Sewage pollution campaigners will be taking to a beach to protest against hundreds of hours of sewage being pumped out into the sea by Southern Water.
From data analysed from Southern Water’s water quality reporting website, Beachbuoy, campaigners found the water company released 648 hours of sewage, across 208 occasions, into the sea at Whitstable in 2022.
As of September 10, 2023, the group also discovered 591 hours of sewage washed up in the sea over 160 separate times.
SOS Whitstable member Ed Acteson said: “Sewage pollution continues to be a scourge in our town and Southern Water should be ashamed of themselves for continuing to put the environment, public health and local businesses at risk in this way.”
“We do not believe that Southern Water are going far enough or fast enough in their efforts to end sewage pollution in Whitstable and restore the reputation of our town, which suffered more sewage releases than any other bathing location in Kent in 2022.”
He added: “Despite regular promises of action by Southern Water, industry regulators and the Government, we do not feel that sufficient progress is being made on this issue and, as such, are compelled to protest again in Whitstable.”
At this year’s protest in Tankerton, campaigners will be joined by guest speakers and supporters including singer Feargal Sharkey, comedian Paul Whitehouse, boxer Barry McGuigan alongside environmental and public ownership activists.
Last year, a protest hosted by SOS Whitstable on Whitstable beach attracted more than 2,000 demonstrators.
Saturday’s action is also hoped by campaigners to highlight the impact the sewage spills are having on the local community.
Mr Acteson said: “Our town suffered the most storm overflow releases in Kent in 2022 and, with three months of the year left, have already nearly surpassed last year’s total number of hours of sewage released.
“The negative impact of this is felt by the environment, public health and local businesses, who continue to suffer under the weight of the reputational damage inflicted on Whitstable.”
The group wants to see tougher punishments for offending water companies, and for sustained investments on infrastructure to be paid for by company shareholders.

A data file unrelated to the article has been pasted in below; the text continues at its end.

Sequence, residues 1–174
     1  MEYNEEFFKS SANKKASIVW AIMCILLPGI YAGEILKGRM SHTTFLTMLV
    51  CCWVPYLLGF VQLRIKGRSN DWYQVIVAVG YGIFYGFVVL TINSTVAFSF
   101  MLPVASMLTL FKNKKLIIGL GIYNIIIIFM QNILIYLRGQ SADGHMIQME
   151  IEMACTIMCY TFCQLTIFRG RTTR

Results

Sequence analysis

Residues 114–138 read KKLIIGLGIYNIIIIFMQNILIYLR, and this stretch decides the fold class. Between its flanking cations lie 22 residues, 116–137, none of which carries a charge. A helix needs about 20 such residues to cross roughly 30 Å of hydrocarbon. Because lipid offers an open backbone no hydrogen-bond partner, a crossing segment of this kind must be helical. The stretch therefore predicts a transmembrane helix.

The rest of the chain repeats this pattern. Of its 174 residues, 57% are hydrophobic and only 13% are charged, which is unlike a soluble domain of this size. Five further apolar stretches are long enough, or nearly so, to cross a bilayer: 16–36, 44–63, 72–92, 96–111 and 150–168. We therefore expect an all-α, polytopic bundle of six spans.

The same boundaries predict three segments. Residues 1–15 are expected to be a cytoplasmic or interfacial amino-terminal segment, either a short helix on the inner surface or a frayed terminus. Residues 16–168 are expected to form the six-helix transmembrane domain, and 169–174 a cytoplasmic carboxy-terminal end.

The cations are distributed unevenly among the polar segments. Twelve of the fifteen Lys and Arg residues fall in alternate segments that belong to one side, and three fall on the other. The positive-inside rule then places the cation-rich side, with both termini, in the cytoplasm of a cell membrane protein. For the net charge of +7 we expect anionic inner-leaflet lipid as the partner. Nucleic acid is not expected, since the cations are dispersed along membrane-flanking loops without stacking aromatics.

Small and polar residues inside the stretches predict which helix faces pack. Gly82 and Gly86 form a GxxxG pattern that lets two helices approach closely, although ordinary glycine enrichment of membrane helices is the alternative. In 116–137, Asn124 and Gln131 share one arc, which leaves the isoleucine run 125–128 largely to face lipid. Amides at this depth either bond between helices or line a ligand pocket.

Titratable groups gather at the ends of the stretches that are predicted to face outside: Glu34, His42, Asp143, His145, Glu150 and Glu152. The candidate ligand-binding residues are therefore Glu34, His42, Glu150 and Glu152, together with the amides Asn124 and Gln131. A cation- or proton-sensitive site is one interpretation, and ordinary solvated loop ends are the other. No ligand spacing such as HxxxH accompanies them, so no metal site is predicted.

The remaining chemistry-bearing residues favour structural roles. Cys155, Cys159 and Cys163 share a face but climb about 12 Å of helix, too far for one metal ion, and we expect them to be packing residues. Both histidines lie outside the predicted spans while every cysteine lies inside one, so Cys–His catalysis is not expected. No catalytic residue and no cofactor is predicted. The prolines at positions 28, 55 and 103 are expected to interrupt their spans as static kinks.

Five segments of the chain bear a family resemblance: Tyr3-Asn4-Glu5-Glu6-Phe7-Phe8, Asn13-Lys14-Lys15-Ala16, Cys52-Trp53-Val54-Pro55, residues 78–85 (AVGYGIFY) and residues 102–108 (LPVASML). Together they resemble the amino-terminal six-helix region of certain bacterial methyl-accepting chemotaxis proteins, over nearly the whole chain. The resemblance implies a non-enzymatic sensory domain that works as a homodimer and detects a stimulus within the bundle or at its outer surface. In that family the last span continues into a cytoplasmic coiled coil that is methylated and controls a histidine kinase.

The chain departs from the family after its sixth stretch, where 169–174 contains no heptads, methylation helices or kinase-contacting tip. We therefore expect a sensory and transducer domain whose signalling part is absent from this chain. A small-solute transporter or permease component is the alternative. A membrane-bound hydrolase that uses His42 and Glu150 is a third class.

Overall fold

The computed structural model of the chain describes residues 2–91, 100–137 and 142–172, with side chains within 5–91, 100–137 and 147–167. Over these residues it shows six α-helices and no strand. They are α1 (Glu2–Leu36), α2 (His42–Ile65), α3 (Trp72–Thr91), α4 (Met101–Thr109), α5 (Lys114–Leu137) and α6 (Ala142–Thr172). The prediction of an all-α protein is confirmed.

Whitstable is one of Southern Water’s six project areas to look at solutions of storm overflows, with a number of interventions underway aiming to cut them by 20 per cent by 2025.
Storm overflows are designed to be used to release excess water through outputs to rivers and seas when heavy rain puts pressure on sewer networks which could lead to flooding.
Southern Water’s head of clean rivers and seas task force, Dr Nick Mills, said Whitstable was at the “forefront” of work being done to cut the use of storm overflow for example through installing sustainable drainage schemes like tree pits and rain gardens and a £25 million upgrade to Swalecliffe Wastewater Treatment Works.
Dr Mills said: “We understand the concerns being raised in Whitstable about water quality, and share our communities’ passion for protecting and enhancing the health of our rivers and seas.
“This is why we’re investing significant money and resources, optimising our assets and using innovative technology and natural solutions to divert or slow the flow of water entering our sewers – and significantly reduce the use of storm overflows.”
It is understood one of the reasons for more sewage releases this year is due to the wetter weather compared to last year.
Dr Mills added: “We are working closely with several partners across a range of sectors, all of which have a role in improving the management of water and water quality, to tackle this issue head on. Only through collaboration will we achieve the results we all want.”